We aimed to analyze changes in SG and its components relative to the change in glucose tolerance status in the IRAS, a multicenter observational epidemiologic study in different ethnic groups and varying states of glucose tolerance (16). Insulin sensitivity index (SI), first-phase acute insulin response (AIR), and SG were directly measured by the frequently sampled intravenous glucose tolerance test.
RESEARCH DESIGN AND METHODS
The design and methods of the IRAS have been described elsewhere (16). In brief, enrollment was conducted at four clinical centers: non-Hispanic whites and African Americans were recruited in Oakland and Los Angeles, CA, and non-Hispanic whites and Hispanics were recruited in San Antonio, TX, and San Luis Valley, CO. A total of 1,624 individuals were enrolled (56% women) between October 1992 and April 1994. A follow-up examination was performed 5 years after the baseline examination (mean 5.2 years [range 4.6–6.6]). The response rate was 81%. Identical for both examinations, protocols were approved by local institutional review committees. All participants gave written informed consent.
Race/ethnicity, dietary intake, macronutrient composition, and energy expenditure from moderate and vigorous activities were assessed by self-report. Family history of diabetes was defined as diabetes in parents or siblings. Anthropometric variables and blood pressure were gathered by trained personnel. Plasma glucose and insulin concentrations were determined by the glucose oxidase and dextran-charcoal radioimmunoassay methods, respectively. The insulin assay displayed a high degree of cross-reactivity with proinsulin.
Baseline and follow-up examinations required two visits 1 week apart. During the first visit, a 75-g oral glucose tolerance test was administered to assess glucose tolerance status. During the second visit, insulin sensitivity and first-phase insulin secretion were measured by the frequently sampled intravenous glucose tolerance test with two modifications to the original protocol. First, an injection of regular insulin was used to ensure adequate plasma insulin levels for the accurate computation of insulin sensitivity across a broad range of glucose tolerance. Second, the reduced sampling protocol (12 samples) was used because of the large number of subjects. Estimates of insulin sensitivity derived from this technique correlated significantly with those derived from the glucose clamp technique (16). SI and SG at basal insulin were calculated using mathematical modeling methods (MINMOD version 3.0, 1994; courtesy of Richard Bergman, PhD, Los Angeles, CA). BIE was computed as the product of SI and basal insulin concentration and GEZI as the difference between total SG and BIE (4). AIR was calculated as the mean of 2- and 4-min insulin concentrations after glucose administration.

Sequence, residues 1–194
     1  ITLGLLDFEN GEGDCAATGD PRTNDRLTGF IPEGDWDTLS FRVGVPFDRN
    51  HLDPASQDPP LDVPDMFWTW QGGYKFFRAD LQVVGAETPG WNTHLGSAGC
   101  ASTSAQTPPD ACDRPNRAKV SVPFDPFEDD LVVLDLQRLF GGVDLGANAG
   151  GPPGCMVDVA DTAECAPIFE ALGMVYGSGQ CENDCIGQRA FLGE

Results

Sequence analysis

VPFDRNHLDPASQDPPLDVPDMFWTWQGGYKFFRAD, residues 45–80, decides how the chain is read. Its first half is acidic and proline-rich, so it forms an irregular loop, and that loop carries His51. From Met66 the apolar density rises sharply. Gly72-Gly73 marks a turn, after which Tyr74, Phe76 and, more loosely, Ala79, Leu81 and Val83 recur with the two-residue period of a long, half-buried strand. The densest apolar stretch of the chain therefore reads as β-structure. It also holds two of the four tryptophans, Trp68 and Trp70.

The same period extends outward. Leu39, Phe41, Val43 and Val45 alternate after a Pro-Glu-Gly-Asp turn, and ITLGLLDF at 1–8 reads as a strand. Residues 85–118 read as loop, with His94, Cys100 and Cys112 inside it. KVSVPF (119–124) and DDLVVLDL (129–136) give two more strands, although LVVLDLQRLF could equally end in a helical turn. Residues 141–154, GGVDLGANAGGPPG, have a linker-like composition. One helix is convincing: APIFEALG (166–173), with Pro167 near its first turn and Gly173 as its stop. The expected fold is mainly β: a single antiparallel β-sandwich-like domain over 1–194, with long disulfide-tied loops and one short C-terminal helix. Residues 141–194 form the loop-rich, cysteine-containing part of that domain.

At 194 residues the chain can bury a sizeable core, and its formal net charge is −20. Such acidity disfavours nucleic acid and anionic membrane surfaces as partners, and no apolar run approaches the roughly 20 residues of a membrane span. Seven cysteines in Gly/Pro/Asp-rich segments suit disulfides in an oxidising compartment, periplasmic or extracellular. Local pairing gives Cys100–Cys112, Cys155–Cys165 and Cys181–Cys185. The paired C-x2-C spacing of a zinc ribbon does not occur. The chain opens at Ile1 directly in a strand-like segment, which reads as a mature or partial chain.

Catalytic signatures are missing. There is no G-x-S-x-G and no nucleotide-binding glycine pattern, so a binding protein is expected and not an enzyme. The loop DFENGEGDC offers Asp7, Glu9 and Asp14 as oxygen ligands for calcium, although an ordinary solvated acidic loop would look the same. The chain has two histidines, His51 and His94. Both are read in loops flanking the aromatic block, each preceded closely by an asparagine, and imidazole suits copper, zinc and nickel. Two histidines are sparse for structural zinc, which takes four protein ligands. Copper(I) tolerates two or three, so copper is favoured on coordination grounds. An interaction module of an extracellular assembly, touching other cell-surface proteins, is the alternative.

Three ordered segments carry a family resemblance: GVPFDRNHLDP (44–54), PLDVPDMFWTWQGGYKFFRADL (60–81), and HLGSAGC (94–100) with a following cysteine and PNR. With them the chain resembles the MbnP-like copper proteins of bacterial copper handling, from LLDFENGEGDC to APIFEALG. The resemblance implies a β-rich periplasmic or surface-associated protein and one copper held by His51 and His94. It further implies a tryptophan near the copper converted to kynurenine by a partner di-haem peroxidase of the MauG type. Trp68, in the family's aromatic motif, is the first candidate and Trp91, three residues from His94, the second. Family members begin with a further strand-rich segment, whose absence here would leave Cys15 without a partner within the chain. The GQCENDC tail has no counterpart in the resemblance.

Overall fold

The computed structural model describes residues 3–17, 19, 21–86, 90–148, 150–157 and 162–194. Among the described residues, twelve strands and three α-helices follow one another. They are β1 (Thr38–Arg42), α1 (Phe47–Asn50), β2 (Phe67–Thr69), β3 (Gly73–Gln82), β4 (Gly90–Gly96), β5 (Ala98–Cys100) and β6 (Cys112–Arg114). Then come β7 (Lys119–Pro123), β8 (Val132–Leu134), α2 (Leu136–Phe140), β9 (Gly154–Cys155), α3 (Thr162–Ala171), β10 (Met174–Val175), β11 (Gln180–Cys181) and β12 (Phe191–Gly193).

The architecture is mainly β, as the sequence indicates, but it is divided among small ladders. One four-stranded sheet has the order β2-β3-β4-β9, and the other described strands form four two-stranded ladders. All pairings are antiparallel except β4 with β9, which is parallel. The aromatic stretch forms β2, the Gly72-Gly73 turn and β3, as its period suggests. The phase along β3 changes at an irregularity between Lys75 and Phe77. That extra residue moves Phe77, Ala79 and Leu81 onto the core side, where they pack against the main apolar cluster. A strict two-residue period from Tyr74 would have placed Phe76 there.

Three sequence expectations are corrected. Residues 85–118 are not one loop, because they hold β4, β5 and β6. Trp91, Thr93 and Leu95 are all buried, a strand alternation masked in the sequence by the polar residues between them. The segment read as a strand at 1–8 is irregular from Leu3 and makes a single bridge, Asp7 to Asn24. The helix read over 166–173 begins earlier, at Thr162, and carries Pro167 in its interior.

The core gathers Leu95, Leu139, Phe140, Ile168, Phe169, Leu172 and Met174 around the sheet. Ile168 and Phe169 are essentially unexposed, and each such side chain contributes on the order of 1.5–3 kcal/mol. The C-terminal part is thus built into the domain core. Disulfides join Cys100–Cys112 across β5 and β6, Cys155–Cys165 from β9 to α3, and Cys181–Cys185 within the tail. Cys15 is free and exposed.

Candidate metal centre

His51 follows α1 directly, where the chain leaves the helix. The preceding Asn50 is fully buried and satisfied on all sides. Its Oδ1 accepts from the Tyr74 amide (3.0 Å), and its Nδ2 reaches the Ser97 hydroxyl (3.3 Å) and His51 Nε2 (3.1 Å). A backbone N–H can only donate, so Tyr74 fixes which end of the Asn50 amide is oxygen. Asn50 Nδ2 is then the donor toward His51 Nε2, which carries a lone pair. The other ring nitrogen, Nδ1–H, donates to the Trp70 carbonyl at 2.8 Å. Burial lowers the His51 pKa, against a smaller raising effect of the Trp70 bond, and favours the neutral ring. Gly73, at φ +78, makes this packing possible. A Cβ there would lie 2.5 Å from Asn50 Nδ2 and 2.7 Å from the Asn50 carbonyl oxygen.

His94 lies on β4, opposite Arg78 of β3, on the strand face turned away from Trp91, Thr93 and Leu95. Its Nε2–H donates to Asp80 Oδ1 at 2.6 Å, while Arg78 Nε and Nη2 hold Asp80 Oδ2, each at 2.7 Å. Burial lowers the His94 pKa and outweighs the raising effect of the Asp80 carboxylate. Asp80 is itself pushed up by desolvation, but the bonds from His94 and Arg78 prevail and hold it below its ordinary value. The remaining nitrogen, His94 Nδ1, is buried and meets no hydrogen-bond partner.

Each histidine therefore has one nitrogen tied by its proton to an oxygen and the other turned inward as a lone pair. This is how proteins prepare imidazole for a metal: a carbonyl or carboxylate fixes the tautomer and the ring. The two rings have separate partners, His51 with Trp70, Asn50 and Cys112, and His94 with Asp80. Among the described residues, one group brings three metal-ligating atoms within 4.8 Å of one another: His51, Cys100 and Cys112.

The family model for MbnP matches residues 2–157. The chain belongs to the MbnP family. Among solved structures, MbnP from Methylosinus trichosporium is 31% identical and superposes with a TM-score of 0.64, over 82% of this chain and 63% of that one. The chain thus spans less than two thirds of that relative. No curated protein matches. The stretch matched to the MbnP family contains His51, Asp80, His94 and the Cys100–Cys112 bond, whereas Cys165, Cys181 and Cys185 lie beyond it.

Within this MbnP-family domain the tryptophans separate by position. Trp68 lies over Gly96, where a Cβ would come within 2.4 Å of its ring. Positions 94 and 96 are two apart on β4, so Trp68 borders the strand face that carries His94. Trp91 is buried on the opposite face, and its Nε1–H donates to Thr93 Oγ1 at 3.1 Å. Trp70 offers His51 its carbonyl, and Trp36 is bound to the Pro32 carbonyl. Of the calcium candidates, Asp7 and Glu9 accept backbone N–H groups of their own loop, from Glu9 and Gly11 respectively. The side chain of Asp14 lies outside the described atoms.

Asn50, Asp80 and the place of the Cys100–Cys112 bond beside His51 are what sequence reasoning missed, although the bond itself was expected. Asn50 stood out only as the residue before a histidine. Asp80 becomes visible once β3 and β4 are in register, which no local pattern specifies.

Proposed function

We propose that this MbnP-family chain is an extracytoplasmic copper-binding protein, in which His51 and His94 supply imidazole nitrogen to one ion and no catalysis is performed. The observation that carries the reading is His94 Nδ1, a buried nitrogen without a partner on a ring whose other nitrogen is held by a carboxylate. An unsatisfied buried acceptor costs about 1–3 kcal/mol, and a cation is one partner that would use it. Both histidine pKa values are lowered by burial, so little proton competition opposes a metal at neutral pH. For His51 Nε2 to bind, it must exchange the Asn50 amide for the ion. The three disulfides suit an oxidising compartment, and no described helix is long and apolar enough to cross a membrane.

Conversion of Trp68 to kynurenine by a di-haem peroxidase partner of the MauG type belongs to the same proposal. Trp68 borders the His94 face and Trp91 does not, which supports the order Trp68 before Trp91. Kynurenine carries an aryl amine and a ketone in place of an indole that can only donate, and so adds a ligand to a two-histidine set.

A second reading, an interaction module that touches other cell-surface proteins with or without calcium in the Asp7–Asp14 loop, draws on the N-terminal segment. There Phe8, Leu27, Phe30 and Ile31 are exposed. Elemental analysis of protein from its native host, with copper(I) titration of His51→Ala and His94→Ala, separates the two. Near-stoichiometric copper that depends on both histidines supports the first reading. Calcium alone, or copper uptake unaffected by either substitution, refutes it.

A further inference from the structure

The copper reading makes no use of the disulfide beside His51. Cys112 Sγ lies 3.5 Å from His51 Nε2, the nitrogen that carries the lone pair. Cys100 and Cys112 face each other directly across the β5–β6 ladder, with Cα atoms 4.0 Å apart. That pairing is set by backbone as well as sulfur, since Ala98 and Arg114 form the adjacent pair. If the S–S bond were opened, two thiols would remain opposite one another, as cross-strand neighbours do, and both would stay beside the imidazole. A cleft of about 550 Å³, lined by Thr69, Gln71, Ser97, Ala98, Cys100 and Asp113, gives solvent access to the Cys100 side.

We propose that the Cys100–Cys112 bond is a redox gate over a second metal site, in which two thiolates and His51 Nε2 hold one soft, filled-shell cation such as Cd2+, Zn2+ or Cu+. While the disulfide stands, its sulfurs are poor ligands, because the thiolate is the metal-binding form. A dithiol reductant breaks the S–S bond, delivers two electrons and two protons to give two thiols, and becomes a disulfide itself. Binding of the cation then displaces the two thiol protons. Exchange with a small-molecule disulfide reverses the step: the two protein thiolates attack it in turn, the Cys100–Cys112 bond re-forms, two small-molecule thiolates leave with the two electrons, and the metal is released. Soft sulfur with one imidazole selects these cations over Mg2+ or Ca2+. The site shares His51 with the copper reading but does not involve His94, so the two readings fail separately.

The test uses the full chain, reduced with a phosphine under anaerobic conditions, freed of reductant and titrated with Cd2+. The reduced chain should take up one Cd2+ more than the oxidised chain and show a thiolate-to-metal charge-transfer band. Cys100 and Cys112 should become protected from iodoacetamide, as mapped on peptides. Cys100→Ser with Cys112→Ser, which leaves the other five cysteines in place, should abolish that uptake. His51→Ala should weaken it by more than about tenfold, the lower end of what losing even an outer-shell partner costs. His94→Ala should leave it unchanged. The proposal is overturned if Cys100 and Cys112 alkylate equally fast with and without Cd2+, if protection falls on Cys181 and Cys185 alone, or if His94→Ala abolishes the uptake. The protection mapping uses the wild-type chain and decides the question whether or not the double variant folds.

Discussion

In cross-sectional analyses, we defined normal glucose tolerance (NGT) as a fasting glucose concentration <5.6 mmol/L and a 2-h glucose concentration <7.8 mmol/L, impaired fasting glucose (IFG) as a fasting glucose concentration ≥5.6 and <7.0 mmol/L, IGT as a 2-h plasma glucose concentration ≥7.8 and <11.1 mmol/L, and diabetes as a fasting glucose concentration ≥7.0 mmol/L or a 2-h plasma glucose concentration ≥11.1 mmol/L. Because of the many possibilities of future change in glucose tolerance status, we carried out longitudinal analyses with three glucose tolerance categories: NGT, defined as a 2-h glucose concentration <7.8 mmol/L; IGT; and diabetes. Individuals treated with glucose-lowering medications were excluded from all analyses.
The present report includes cross-sectional and longitudinal data on 1,265 and 827 participants, respectively. We excluded 359 individuals from cross-sectional analyses (244 for taking glucose-lowering medications, 114 for having missing data, and 1 for having an extreme outlier value of SG). We excluded 438 additional individuals from longitudinal analyses (24 died, 74 for taking glucose-lowering medications, 337 for not attending the follow-up examination, and 3 for having extreme outlier values of SG).